It doesn’t seem like a year has passed since the last ‘Stony Thursday Book’ appeared! Nevertheless, it’s that time of year again and this annual collection of contemporary poetry has arrived in the post. This anthology has been very kind to me over the years and I am very gratified to be included once again in this 40th anniversary edition, edited by Mary O’Donnell.
There are 138 poems here, and many illustrious names, including Eilean Ni Chuilleanain, Macdara Woods, Kevin Higgins and Fred Johnson, to mention just a few. So it is that, with such a welter of talent on display, I must confine myself in this brief review to those poems which appealed strongly to me personally.
I liked Graham Allen’s ‘Divorce’ (p.5), with its searing sense of despair. I would be surprised to find that this poem was not based on actual experience: ‘Somewhere in a trail of grey dust / lie all the stories you thought you had secured.’
‘The Request’ (p.17) by Geraldine Mitchell is a short poem with great impact. A disadvantaged student asks the poet to allow him (her?) a pass in a final exam. But the request is fraught with difficulty because although it is really ‘A small request’ , the poet is caught in a dilemma. ‘I have a home, / a job, firm ground beneath my feet./Surely not too much to ask?’ A decision has to be made. Crucially (for the poem), we are not told of the decision. It is a tribute to the poem that it is impossible to give an adequate idea of it in prose.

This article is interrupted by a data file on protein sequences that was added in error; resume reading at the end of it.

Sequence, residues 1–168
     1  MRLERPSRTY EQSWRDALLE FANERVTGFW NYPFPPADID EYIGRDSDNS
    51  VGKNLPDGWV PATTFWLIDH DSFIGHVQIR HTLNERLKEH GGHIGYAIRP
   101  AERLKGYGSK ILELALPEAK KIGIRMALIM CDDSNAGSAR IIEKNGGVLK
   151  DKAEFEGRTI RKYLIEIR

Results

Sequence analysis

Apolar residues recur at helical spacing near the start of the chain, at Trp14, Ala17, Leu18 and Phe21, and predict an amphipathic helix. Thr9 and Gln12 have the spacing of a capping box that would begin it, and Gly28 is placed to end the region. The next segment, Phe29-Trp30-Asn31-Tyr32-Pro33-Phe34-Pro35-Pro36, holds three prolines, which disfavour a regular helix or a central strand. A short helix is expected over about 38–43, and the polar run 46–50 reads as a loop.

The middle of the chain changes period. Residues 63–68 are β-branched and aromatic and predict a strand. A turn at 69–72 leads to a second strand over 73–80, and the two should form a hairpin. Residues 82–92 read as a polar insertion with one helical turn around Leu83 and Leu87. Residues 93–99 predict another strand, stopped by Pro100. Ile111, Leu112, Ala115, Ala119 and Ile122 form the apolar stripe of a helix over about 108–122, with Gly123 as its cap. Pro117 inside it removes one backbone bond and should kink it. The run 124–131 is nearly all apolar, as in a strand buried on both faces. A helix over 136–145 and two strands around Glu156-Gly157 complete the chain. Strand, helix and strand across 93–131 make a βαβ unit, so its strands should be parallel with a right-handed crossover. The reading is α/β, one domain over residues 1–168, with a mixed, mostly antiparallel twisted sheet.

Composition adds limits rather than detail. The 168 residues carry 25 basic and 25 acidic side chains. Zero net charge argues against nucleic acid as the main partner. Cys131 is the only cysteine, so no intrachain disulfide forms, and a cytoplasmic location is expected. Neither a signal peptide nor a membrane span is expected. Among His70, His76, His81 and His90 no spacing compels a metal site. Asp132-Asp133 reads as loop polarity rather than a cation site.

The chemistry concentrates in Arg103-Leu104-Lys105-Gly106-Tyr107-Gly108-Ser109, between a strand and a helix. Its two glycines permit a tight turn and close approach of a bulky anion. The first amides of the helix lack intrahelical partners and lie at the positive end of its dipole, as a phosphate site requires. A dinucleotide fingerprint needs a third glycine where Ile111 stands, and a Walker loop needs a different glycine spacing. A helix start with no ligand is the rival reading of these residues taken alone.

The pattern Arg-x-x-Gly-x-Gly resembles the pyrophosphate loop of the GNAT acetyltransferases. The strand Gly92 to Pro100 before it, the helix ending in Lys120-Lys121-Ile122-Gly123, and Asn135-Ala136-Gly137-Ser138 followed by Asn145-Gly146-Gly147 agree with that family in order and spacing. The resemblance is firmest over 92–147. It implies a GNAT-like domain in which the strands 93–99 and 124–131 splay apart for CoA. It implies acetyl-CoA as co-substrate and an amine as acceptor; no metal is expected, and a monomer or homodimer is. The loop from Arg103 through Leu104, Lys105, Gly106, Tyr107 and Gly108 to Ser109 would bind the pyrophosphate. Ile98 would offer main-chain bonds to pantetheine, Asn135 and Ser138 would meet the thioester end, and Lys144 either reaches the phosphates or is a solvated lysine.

Patrick Deeley’s ‘Cleft in Metal’ (p.56) displays his ever-present gift for a keen observation of nature’s little-r people, Kingfishers, otters and vixens have populated some recent poems. Here we have the wren, worried about her nest being too near a chainsaw’s blade: ‘The wren’s headache is to get her little brood / out alive. Out of a cleft in the band-saw’s metal jaw, / away beyond the saw-teeth’s seething spin.’ I have written elsewhere about ‘bird-poems’ (see my review of the recent Boyne Berries 18) and how they can often be annoyingly ‘cutesy’ but this one does not fall into that category. It puts me in mind of the many ’empiricist’ nature poems of Eamon Grennan.
Several other poems caught my attention. For instance: ‘Ouija’ by Brian Kirk (p.99), a poem which has much to do with the loss of innocence; and Michael Farry’s ‘Swordswoman’ (p.152), a poem that keeps the reader on edge (no pun intended!) and at the same time has a dash of humour – a strange combination that works very well.
Opposite a fine poem by Mary Melvin Geoghegan on p.66 (‘Ten Years to
Pluto’) you will find my ‘River after Rains’, a poem written after my many years of trying to pluck out the heart of the mystery of the River Griffeen which flows through a park near me. Sometimes I’ve come close, but most times…
River after Rains
“…there is nothing with which it compares.
Tell me, how can I explain?” (Hanshan, trans. Robert Henricks)
So many water-words diluted
in the daily flow: how we are
inundated by our work,
how guarantees are water-tight,
election pledges watered-down,
how one exception can throw open
floodgates, how in retrospect
our quarrels become storms in tea cups
and our grand designs, when tested,
often don’t hold water. Like
my early certainty this morning
I could turn your torrents into words.